Note that this method only works when you address Call of Cthulhu in campaign mode, which I believe is its natural state. After all, it is adventures in the world of H.P. Lovecraft, not a Lovecraft story game.

Losing The Game

Remember that you can lose a game of Call of Cthulhu. You can't put the clues together, you don't discover the right lore, you get to a wall and you can't get over it. Making this clear is vital. It's actually kinda hard not to accomplish something in a Call of Cthulhu investigation, so a partial success is almost always possible.  

But sometimes you just can't hit the rolls and the GM says "you read in the newspaper of a dreadful fire and your mind recoils from a wild realization, a feeling that this was only the surface..." and you move on to the next thing. Usually the destruction of the world isn't on the table in Call of Cthulhu adventures for just this reason, but you should feel absolutely free to melt down villages into liquescent goo and quarantine cities if that's what the consequences require.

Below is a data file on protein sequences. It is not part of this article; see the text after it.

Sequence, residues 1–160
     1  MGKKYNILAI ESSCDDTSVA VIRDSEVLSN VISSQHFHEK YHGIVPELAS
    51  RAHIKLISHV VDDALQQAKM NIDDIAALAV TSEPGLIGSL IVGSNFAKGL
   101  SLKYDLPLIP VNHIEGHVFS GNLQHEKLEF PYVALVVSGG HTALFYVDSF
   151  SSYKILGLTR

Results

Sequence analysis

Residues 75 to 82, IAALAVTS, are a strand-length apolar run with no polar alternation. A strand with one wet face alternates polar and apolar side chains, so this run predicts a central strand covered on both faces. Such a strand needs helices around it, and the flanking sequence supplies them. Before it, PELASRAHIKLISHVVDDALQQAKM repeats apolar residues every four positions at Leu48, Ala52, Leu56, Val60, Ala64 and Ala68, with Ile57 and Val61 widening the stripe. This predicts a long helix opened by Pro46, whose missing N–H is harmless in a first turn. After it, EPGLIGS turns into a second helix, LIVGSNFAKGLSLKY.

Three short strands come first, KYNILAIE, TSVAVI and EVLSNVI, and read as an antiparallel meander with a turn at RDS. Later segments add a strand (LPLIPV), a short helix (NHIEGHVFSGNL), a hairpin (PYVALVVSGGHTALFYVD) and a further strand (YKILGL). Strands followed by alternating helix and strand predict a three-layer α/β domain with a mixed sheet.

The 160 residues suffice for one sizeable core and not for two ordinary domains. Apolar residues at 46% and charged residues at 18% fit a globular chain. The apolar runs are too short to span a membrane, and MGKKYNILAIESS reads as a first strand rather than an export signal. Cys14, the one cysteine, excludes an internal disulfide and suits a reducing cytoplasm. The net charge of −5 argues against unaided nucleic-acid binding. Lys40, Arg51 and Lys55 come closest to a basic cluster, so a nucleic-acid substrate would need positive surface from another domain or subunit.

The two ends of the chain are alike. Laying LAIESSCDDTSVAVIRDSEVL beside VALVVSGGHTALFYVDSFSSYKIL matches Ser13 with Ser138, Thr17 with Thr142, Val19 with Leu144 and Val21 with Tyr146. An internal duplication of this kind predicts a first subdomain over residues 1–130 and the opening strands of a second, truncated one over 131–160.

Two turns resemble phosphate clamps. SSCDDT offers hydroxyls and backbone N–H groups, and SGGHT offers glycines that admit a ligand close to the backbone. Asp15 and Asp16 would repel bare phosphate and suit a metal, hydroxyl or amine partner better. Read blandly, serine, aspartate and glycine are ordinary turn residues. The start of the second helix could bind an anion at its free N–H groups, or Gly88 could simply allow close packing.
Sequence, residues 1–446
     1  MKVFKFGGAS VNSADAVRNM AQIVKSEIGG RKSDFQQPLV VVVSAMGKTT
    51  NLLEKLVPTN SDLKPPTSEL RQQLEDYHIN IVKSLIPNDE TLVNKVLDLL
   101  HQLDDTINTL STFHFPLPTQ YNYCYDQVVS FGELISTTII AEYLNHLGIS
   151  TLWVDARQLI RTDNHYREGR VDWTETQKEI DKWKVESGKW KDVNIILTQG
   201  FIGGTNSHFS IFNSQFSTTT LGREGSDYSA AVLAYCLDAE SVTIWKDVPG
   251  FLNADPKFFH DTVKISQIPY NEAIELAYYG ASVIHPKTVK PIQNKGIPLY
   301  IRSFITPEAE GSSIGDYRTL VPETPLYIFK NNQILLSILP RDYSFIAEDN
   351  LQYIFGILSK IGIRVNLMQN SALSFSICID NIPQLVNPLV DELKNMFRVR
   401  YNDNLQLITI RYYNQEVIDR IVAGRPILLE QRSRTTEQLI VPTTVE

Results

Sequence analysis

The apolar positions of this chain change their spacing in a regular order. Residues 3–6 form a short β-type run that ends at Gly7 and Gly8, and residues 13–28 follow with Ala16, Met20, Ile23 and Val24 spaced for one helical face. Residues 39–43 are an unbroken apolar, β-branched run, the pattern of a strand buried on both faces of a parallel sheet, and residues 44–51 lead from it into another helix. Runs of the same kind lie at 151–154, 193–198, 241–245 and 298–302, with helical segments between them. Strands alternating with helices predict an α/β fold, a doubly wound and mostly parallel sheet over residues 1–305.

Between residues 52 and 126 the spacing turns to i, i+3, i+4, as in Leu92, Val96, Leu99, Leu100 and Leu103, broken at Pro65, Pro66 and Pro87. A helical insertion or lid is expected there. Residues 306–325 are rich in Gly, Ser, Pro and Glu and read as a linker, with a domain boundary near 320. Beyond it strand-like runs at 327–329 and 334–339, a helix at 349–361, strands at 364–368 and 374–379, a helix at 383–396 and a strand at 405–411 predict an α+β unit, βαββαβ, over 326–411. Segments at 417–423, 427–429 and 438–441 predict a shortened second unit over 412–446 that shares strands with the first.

(As tough as this sounds, if you're playing scenarios that have been published after, say, the mid-1990s, the state of the art is pretty forgiving in terms of at least getting you to the final confrontation without too much trouble, but don't shy away from the loss!)

Similarly, don't worry too much if the players they kill the monster or the cultist or whatever quickly or "early" or something. Remember, you are potraying not a story, but the world of Lovecraft.  Just by taking any kind of action, the player characters are already a long way beyond most Lovecraft "protagonists", who often could be replaced with a movie camera and a tape recorder to just watch what happens around them.  So don't worry too much if they do something that throws off what you imagine is the pacing of a story. It's fine, just go on to the next consequence.

And, importantly, despite what Call of Cthulhu players brag to each other about, Call of Cthulhu monsters are not invincible. Read the rules for shotguns and explosives because the player characters WILL go for them. Who wouldn't, after the lessons of WW1?

Call of Cthulhu 7e's a really really good game, and a clear upgrade from previous editions.